Thoughts on the book "The Subtle Art of Not Giving a F*ck" by Mark Manson?

Jun 26, 2018
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Recently I read the book "The Subtle Art of Not Giving a F*ck" by Mark Manson, and I loved the message it conveyed. It's basically a self-help book and the key takeaway is that happiness is not a destination that you will one day reach. Happiness comes from solving problems. For example, if you want to start a business, you won't be happy when you have reached X amount of profits. You will be truly happy when you are working to develop and grow your business. This concept really resonated with me. Because whenever we reach a goal that we have been working to reach for months, we feel a fleeting, temporary sort of happiness. Whereas when we're working towards that goal we feel a lot more fulfilled. Can anyone else relate to this?

Also, have you read the book? What are your views on it?
 
Likes: Rae1234
Jul 20, 2018
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#2
Recently I read the book "The Subtle Art of Not Giving a F*ck" by Mark Manson, and I loved the message it conveyed. It's basically a self-help book and the key takeaway is that happiness is not a destination that you will one day reach. Happiness comes from solving problems. For example, if you want to start a business, you won't be happy when you have reached X amount of profits. You will be truly happy when you are working to develop and grow your business. This concept really resonated with me. Because whenever we reach a goal that we have been working to reach for months, we feel a fleeting, temporary sort of happiness. Whereas when we're working towards that goal we feel a lot more fulfilled. Can anyone else relate to this?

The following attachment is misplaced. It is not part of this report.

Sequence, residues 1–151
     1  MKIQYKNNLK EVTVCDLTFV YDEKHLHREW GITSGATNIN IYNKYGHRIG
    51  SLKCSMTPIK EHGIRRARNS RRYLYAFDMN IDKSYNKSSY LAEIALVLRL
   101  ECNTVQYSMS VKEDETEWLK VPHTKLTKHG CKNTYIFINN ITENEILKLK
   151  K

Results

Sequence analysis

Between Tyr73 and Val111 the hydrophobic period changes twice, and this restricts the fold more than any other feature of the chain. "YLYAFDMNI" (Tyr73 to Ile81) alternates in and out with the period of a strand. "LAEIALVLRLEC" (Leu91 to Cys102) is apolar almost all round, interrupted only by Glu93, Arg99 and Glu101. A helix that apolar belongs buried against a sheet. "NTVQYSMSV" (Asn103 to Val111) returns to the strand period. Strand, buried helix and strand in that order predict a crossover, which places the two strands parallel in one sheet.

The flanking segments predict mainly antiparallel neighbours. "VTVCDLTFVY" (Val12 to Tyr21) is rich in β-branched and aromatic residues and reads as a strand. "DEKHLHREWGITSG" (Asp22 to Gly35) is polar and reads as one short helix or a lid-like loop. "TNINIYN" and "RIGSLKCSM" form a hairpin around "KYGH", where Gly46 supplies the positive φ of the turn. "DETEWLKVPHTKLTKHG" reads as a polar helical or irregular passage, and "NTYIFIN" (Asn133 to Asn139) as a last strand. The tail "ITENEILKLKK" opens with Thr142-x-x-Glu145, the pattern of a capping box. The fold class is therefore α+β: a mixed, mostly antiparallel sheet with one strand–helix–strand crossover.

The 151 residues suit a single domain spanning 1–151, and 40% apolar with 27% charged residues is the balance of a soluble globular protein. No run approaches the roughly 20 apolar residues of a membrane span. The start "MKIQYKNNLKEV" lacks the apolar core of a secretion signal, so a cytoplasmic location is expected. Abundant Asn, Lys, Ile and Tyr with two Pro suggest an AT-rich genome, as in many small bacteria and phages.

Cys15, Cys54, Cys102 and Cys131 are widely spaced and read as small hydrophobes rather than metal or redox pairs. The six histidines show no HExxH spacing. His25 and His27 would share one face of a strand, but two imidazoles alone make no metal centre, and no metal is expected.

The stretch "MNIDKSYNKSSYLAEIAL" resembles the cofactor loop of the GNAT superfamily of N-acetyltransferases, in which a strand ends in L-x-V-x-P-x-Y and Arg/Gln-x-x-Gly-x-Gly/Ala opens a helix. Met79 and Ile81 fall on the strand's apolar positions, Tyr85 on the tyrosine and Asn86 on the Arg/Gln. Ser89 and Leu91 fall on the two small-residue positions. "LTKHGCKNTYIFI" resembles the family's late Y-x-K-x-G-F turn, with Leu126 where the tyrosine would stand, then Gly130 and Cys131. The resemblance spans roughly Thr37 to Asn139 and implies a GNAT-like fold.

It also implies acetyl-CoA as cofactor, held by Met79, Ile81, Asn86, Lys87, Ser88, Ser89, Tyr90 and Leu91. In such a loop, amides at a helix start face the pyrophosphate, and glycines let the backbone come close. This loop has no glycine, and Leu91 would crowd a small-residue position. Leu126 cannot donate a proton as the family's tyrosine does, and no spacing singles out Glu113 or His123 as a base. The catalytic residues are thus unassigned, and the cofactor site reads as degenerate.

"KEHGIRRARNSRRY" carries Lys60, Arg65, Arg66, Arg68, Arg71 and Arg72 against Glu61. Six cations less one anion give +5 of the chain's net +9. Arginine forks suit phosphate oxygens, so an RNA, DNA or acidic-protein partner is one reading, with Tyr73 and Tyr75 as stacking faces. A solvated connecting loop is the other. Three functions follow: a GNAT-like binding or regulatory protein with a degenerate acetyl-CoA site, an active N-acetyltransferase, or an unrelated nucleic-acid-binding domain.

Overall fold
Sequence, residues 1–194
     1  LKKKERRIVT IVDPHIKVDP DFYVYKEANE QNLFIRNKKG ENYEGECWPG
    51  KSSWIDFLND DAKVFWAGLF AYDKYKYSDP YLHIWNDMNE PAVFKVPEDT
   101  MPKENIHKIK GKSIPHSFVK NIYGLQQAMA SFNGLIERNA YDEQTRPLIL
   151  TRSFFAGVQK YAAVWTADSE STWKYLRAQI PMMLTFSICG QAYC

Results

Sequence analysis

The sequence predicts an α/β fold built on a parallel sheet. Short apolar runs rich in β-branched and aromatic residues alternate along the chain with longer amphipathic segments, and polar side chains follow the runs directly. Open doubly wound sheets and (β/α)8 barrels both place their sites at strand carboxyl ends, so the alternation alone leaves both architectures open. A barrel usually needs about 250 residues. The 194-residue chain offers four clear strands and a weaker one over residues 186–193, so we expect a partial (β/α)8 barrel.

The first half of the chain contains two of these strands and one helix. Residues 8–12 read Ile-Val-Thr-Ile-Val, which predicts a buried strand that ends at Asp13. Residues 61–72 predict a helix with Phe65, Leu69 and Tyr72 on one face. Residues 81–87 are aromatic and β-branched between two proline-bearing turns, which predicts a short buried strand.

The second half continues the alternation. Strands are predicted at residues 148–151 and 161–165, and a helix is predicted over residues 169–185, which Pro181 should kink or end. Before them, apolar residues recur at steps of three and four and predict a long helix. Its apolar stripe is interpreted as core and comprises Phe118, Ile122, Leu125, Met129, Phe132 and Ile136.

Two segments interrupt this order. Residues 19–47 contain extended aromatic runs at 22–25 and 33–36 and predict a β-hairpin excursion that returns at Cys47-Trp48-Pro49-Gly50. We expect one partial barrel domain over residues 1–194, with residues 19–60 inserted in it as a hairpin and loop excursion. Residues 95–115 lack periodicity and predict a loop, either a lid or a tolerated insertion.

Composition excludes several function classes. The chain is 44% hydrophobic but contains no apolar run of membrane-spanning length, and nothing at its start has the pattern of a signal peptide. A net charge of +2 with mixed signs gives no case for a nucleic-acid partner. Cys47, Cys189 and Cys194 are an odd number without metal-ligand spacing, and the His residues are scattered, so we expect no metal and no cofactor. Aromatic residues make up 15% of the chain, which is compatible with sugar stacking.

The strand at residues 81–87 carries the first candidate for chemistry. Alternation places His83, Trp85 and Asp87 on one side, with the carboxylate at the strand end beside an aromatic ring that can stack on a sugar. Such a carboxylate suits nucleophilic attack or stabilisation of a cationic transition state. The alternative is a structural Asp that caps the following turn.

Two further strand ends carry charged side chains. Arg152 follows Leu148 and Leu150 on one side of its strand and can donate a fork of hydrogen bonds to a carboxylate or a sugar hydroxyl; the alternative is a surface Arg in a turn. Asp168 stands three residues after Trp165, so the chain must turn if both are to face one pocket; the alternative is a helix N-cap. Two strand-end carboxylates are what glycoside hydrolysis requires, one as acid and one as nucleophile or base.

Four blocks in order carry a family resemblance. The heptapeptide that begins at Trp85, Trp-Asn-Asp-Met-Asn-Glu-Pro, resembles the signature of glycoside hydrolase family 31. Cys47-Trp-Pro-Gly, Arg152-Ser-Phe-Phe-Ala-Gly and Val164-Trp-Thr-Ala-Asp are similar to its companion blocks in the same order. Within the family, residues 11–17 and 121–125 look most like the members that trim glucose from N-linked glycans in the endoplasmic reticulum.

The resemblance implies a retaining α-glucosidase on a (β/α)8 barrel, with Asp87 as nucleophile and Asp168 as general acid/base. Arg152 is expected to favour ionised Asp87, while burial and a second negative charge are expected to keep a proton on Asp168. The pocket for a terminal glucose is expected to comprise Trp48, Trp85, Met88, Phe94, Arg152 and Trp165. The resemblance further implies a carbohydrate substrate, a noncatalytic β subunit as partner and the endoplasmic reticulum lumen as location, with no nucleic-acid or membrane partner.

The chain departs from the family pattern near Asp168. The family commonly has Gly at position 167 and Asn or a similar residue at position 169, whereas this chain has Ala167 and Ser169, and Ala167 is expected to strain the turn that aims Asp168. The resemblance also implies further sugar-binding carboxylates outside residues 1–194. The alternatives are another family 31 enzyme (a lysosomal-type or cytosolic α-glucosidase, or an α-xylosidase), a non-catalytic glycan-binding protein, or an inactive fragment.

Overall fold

Also, have you read the book? What are your views on it?
I have not read this book but see it each time I go to a book store. I usually take this as a sign from the universe to purchase it, but my list is rather long. However, now you have changed that! This point of view is essential for me right now and I look forward to its change in the way I focus on things. I have always believed that our society is too hyper focused on happiness, not realizing without traumas and difficulties, we could never appreciate the happiness we do have.

For example, another way society seems to be pushing this concept that you need to be happy above all is the ideal that the young adults need to be content in their professions. I don’t agree with this and think true understanding of the self comes in waves of self growth that can only be learned by experiences. Right now our young should be focusing on caring for themselves as they journey towards the realization of happiness for themselves. I think this book relates some of my belief.
 
Jul 30, 2018
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I keep debating about getting this book too! I struggle with never feeling "enough." Like I have not done enough or accomplished enough or been good enough. I will check this book out. Thanks for the review!
 
Likes: bjfdaisy72
Sep 7, 2018
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I haven't actually read the book yet, but I keep seeing it all over the place and have been planning to. Your post kinda makes me want to order a copy now lol. Thanks for sharing your input!
 

Rae1234

New member
Aug 30, 2018
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Well that's going on my list of books to listen to when it comes out in audio form - since I'm too lazy to actually read a book anymore. :)

I just read the introduction on Amazon. It looks intriguing - it says that the focus on positive thinking and be your best self stuff causes us to focus on our shortcomings. I can definitely see how that can be a trap. There's a ton of pressure out there to always be improving. Hard to measure up and drains you of energy. So rewiring ourselves to be happy along the path instead of only when we've reached the goal would take us out of that feedback loop of always noticing our shortcomings or how far away we are from our goals.

The last chapter sounds interesting: Sunny Side of Death.
 
Sep 29, 2018
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I want to read this book as well, if for no other reason than its title. Because I truly would like to reach that magical point, if only for a few hours or maybe even days at a time, where I simply run out of f*cks to give. But the practical side of me knows that this is probably just another repackaged, kitschy self-help book with basically the same played-out content. With that being said, I would pick up a used copy for a couple bucks.